An ambitious, challenging piece of work that people will be dissecting for years. Don’t miss it.
Roger Ebert became film critic of the Chicago Sun-Times in 1967. He is the only film critic with a star on Hollywood Walk of Fame and was named honorary life member of the Directors' Guild of America. He won the Lifetime Achievement Award of the Screenwriters' Guild, and honorary degrees from the American Film Institute and the University of Colorado at Boulder.
Chaz is the Publisher of RogerEbert.com and a regular contributor to the site, writing about film, festivals, politics, and life itself.
Matt Zoller Seitz is the Editor-in-Chief of RogerEbert.com, TV critic for New York Magazine, the creator of many video essays about film history and style, a finalist for the Pulitzer Prize in criticism, and the author of The Wes Anderson Collection. His writing on film and TV has appeared in The New York Times, Salon, New York Press, The Star-Ledger and Dallas Observer. (Banner illustration by Max Dalton)
Can it possibly be that time again? Can 12 months have passed since the last ceremony? Are the crowds gathering, ready to boo and hiss and sit on their hands? Then let’s bring out the 15th annual Movie Disaster Awards! May I have the envelope, please? (The one marked “Postage Due.”)
All of a sudden, there are movies about teenagers who are ordinary kids. They come as such a relief after all the movies about teenagers who are killers, victims, lust-crazed sex fiends, hookers, punks, sluts and goons. There for a while it looked like half the new teenage movies were going to be ripoffs of two of the sleaziest recent trendsetters at the box office, "Porky's" and "Friday the 13th." Teenagers in those movies had fairly limited options: They could look through peepholes into the girls’ shower room, or they could get disemboweled by a faceless monster.
DALLAS -- "Oklahoma!" opens with one of the most familiar moments in all of musical comedy, as a cowboy comes singing out of the dawn, declaring "Oh, What a Beautiful Morning!" I've seen that moment many times, and it never fails to thrill me, but I've never seen it quite as I saw it here last Monday night, when the movie played during the USA Film Festival.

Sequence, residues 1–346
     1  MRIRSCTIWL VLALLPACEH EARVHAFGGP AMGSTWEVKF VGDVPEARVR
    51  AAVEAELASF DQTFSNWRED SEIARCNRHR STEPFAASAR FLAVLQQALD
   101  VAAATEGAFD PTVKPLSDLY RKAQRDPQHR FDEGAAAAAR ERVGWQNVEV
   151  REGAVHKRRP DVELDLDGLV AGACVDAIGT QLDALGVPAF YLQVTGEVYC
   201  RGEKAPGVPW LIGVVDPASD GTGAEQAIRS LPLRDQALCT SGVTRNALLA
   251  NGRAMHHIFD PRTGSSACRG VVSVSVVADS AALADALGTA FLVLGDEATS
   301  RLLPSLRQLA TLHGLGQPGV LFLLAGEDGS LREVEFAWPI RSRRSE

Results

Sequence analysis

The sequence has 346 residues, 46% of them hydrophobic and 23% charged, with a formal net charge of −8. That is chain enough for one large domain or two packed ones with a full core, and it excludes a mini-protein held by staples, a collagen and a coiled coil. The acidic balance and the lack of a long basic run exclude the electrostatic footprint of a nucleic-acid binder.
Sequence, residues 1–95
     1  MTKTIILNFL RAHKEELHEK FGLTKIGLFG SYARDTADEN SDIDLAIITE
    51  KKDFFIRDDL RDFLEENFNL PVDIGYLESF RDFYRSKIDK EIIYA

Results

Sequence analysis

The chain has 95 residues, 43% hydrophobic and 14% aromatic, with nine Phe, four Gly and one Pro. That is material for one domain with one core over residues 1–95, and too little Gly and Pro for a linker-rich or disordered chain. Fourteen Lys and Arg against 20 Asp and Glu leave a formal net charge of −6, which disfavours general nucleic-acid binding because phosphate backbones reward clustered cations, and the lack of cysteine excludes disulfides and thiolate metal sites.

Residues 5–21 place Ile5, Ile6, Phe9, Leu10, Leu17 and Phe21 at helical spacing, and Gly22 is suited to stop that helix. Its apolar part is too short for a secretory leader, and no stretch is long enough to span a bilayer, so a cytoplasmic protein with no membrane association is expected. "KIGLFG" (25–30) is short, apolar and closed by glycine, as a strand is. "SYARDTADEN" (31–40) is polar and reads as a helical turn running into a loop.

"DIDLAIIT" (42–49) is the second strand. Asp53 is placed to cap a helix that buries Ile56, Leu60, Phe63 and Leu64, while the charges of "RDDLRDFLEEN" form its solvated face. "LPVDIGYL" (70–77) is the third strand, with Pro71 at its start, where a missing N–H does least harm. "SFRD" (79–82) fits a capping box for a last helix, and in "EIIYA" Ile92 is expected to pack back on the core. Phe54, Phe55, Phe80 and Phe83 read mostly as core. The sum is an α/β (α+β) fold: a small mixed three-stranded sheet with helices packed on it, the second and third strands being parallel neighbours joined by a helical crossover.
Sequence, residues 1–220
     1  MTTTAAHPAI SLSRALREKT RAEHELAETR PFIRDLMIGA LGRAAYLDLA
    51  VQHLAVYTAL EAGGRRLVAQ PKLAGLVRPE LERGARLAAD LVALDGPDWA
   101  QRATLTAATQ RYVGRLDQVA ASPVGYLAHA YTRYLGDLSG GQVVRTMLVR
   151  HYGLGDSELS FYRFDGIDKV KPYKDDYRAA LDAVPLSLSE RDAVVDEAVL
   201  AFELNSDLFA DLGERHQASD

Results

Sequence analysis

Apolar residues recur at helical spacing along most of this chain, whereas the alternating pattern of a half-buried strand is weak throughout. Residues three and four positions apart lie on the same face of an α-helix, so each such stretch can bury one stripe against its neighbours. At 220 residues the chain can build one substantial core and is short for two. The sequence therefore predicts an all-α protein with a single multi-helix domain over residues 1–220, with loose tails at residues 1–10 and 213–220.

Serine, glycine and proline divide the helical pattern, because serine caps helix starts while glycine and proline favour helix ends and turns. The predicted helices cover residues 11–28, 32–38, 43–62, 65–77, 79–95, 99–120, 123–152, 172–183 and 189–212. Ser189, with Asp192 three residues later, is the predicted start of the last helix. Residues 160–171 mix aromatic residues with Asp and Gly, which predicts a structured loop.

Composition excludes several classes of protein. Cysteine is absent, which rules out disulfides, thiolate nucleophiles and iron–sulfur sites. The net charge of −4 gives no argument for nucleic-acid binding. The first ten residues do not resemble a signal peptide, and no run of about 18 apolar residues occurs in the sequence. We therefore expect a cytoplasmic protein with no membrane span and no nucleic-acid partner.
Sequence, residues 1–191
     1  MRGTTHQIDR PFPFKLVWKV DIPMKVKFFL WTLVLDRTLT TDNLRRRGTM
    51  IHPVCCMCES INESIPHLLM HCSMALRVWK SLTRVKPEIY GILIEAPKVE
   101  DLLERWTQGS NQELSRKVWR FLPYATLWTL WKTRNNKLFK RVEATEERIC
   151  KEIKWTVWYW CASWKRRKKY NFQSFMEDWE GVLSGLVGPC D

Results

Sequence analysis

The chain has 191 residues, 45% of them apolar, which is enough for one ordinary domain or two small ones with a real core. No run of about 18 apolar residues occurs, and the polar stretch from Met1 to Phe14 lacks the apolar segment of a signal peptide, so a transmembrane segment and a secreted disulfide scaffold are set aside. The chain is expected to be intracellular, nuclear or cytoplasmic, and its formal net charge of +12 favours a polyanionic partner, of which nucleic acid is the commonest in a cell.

This is the sort of Irony that Hollywood understands: Joan Crawford spent her entire life in the painstaking construction of an image, only to have a movie reveal the things she tried to hide behind the image. The film is named “Mommie Dearest”. It is currently in production at Paramount, and it will be released sometime this autumn. In it, the glamorous perfectionist Crawford is portrayed as an egomaniacal alcoholic who terrorized her adopted daughter, Christina.
When the lights are placed just so on the conductor's podium in the orchestra pit of Radio City Music Hall, they cast a giant shadow of the conductor onto the ceiling of the enormous room. Sitting in the darkness, you can look up and see his arms beating time and his coattails flying, and then you can look down at the screen again, its silent images surrounded by the music.
Wim Wenders' "Kings of the Road" is a film of great depth and beauty, and its black and white photography is worthy of comparison with John Ford's. But it is rarely played commercially, maybe because of its three-hour length.
“Close Encounters of the Third Kind” had its official premiere here last Sunday before one of those typical media crowds: Hard to please, veterans of a thousand opening nights, showing its sophistication as the credits went past by applauding the names of the cinematographers. The final credit faded silently to darkness on the screen, and there was a certain hush: Here was director Steven Spielberg's $24-million gamble, and we were about to see if he'd pulled it off.
We've just been through a remarkably old-fashioned summer at the movies: A summer during which the big hits were a space opera, a romantic melodrama, a thriller about sunken treasure and even one more absurdist frolic with good old James Bond. Summer is traditionally the season for quick, shallow entertainments, but the summer of 1977 outdid itself, and was astonishingly successful at it; Variety, the show-biz bible, calls this the best summer in years at the movie box office.
Everybody seems to love a ‘disaster.’
Our film critic, Roger Ebert, steps out into the light, blinks his eyes and shares some of the good memories.